…lactating, pregnant women eligibility still hangs in balance
Ministry of Health and Child Care (MoHCC) has already started Covid_19 vaccination on initially excluded groups following approval by Medicines Control Authority of Zimbabwe (MCAZ) to include them on Sinovac vaccine.
The decision to include these groups was announced during the 39th post-cabinet briefing held in Harare though MoHCC is yet to relay the information nationally.
Masvingo Covid-19 Taskforce spokesperson Rogers Irimayi said the vaccination of teenagers aged 16-17 has already begun in the province and the Sinovac vaccine is in place while they are carrying out awareness programmes in the districts.
“The vaccination of teenagers aged 16-17 has started in Masvingo province. The Sinovac vaccine has already been sourced and awareness campaigns are underway in the districts.
“We are encouraging those who want to be vaccinated to visit vaccination centres where the vaccines have been distributed,” said Irimayi.
Masvingo Provincial Medical Director (PMD) Dr Amadeus Shamhu said they sent a truck to collect vaccines from Harare and distribution will start on November 11, 2021.
“We sent a truck to collect vaccines from the headquarters and they will be distributed in clinics starting from November 12,” said Dr Shamhu.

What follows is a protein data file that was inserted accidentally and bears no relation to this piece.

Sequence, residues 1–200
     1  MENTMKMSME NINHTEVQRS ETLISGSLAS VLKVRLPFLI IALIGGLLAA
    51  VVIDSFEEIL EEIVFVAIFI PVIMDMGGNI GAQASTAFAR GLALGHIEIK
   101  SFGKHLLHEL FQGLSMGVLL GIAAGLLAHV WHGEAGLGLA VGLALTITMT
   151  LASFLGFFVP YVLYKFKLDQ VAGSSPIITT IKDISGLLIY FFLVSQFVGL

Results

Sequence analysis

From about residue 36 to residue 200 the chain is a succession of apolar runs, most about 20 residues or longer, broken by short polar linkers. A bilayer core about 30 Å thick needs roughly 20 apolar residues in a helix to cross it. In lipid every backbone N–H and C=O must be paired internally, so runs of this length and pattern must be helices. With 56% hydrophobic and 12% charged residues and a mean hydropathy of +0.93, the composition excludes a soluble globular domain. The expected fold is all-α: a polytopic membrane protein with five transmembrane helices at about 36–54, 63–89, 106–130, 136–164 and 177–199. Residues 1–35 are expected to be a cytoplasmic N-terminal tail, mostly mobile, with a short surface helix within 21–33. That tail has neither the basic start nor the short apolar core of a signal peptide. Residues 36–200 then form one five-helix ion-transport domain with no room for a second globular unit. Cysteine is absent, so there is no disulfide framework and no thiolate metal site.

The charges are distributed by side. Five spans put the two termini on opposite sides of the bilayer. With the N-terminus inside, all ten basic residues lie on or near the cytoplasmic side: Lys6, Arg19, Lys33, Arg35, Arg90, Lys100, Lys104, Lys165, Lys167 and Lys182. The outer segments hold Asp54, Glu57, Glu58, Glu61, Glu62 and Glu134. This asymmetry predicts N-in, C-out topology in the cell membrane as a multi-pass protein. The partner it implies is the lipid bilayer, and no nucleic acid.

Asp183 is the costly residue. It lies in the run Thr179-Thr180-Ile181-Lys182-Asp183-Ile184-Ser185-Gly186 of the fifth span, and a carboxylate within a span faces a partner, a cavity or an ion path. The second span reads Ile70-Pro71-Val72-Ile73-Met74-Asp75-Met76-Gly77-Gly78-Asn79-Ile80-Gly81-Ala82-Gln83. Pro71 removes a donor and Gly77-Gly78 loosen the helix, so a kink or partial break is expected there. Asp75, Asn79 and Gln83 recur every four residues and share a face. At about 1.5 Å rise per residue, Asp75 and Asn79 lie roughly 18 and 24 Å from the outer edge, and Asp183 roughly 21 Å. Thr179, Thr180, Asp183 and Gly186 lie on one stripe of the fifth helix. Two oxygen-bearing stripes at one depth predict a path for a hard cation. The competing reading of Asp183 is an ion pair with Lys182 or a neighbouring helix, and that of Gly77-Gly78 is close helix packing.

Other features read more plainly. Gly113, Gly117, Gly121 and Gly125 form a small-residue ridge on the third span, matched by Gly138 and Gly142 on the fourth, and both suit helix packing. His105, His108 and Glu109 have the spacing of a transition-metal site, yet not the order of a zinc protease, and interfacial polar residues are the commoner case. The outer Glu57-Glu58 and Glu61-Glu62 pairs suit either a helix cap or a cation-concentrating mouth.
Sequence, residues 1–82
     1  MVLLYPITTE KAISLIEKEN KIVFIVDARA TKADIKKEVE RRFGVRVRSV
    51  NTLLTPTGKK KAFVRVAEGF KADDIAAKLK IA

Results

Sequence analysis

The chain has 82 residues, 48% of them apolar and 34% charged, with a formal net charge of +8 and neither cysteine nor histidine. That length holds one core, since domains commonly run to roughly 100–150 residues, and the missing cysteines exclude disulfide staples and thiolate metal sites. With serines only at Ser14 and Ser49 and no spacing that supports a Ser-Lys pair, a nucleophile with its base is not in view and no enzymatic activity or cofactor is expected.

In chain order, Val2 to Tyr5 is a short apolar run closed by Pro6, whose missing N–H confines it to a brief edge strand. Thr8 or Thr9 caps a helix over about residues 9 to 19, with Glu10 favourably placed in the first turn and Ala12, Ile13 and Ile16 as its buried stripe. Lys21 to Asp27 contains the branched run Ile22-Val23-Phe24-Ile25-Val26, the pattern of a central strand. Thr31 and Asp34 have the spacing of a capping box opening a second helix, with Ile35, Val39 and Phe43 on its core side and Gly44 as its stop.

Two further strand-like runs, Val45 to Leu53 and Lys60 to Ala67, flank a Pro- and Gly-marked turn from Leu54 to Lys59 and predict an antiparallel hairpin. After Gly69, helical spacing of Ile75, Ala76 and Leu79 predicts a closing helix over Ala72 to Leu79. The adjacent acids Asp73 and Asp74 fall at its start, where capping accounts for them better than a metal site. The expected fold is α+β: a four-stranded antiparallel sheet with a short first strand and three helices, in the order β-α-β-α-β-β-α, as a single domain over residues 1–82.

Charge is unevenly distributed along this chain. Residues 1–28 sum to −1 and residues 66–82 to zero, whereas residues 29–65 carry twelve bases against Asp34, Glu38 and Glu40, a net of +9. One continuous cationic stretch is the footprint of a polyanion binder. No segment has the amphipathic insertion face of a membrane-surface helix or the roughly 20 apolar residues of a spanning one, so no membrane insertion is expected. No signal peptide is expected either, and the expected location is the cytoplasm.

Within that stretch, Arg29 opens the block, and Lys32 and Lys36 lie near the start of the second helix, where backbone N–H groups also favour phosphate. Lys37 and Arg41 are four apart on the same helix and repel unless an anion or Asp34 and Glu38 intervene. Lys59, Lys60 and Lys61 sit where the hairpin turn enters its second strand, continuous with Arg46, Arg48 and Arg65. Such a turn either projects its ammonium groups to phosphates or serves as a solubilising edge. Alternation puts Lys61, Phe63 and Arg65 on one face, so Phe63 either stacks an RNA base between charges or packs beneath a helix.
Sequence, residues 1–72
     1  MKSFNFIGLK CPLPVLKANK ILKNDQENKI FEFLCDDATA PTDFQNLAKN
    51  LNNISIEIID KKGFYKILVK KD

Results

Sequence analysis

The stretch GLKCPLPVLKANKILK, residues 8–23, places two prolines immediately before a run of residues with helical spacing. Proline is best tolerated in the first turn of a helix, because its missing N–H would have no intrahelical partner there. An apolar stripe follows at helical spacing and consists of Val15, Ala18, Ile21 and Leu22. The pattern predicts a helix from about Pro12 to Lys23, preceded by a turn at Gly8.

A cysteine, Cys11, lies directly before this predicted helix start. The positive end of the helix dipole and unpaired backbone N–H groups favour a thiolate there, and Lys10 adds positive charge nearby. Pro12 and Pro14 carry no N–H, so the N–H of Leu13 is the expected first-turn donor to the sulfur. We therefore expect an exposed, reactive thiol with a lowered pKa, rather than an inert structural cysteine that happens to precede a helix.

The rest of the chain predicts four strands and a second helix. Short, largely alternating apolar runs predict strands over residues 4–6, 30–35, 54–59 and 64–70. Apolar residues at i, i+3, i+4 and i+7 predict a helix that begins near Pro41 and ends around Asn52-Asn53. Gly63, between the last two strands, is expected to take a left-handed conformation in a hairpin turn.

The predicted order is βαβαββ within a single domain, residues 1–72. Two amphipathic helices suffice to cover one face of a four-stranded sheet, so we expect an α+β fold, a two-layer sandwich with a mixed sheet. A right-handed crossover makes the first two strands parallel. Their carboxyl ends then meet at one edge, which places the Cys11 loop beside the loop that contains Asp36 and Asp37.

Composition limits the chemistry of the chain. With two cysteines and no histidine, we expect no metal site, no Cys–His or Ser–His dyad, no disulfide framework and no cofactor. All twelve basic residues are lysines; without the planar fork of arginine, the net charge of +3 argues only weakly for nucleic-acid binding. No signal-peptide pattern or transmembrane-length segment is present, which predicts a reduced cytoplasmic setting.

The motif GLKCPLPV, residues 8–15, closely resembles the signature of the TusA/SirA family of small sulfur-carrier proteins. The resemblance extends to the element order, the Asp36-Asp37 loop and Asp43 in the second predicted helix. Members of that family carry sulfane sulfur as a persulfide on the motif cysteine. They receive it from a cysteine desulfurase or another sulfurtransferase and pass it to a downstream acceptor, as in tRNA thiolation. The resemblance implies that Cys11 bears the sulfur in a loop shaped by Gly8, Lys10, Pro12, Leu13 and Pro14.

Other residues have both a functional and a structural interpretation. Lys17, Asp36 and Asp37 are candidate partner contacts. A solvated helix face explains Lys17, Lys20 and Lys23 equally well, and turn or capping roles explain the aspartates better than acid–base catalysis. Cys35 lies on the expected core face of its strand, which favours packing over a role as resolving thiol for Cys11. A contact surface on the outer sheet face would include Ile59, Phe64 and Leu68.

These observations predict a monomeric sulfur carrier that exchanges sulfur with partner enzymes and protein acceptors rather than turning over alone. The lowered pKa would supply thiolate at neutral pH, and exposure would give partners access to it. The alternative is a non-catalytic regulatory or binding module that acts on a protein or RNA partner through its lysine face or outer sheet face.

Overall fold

He said on the issue of including lactating mothers and pregnant women in the vaccination programme, the ministry has not yet written an official document.
“We have not yet received a written circular from MoHCC giving us green light to start vaccinating lactating mothers and pregnant women,” said Dr Shamhu.
Early September there was serious confusion over the vaccination of pregnant women and lactating mothers against Covid-19 in the country as officials continued to issue contradicting statements on the official position.
In that same month World Health Organisation (WHO) issued a statement on their website claiming that the vaccination of lactating and pregnant mothers brings in more benefits than harm as they are also at risk of infection.
“WHO recommends vaccinating pregnant women and lactating mothers where benefits outweigh the risks. That means pregnant women with heightened exposures to Covid-19, such as health workers and those with comorbidities, stand to benefit from vaccination,” read the WHO statement.
Recently MoHCC Deputy Minister Dr John Mangwiro said the nation had reached 38 percent on achieving herd immunity of the total population and gave green light to the vaccination of pregnant and lactating mothers while addressing journalists at a National Aids Council (NAC) workshop in Chinhoyi.
“On achieving herd immunity, we are now at 38 percent and it is everyone’s duty to contribute towards achievement of 60 percent by end of 2021. We have publicly announced that if pregnant and lactating women want to be vaccinated, they can do so,” said Dr Mangwiro.
Pregnant women and lactating mothers continue to be turned away from vaccination centres where they are told that MoHCC are yet to give a clear directive.
With just a month to go before year-end, it remains to be seen if the herd immunity would be achieved.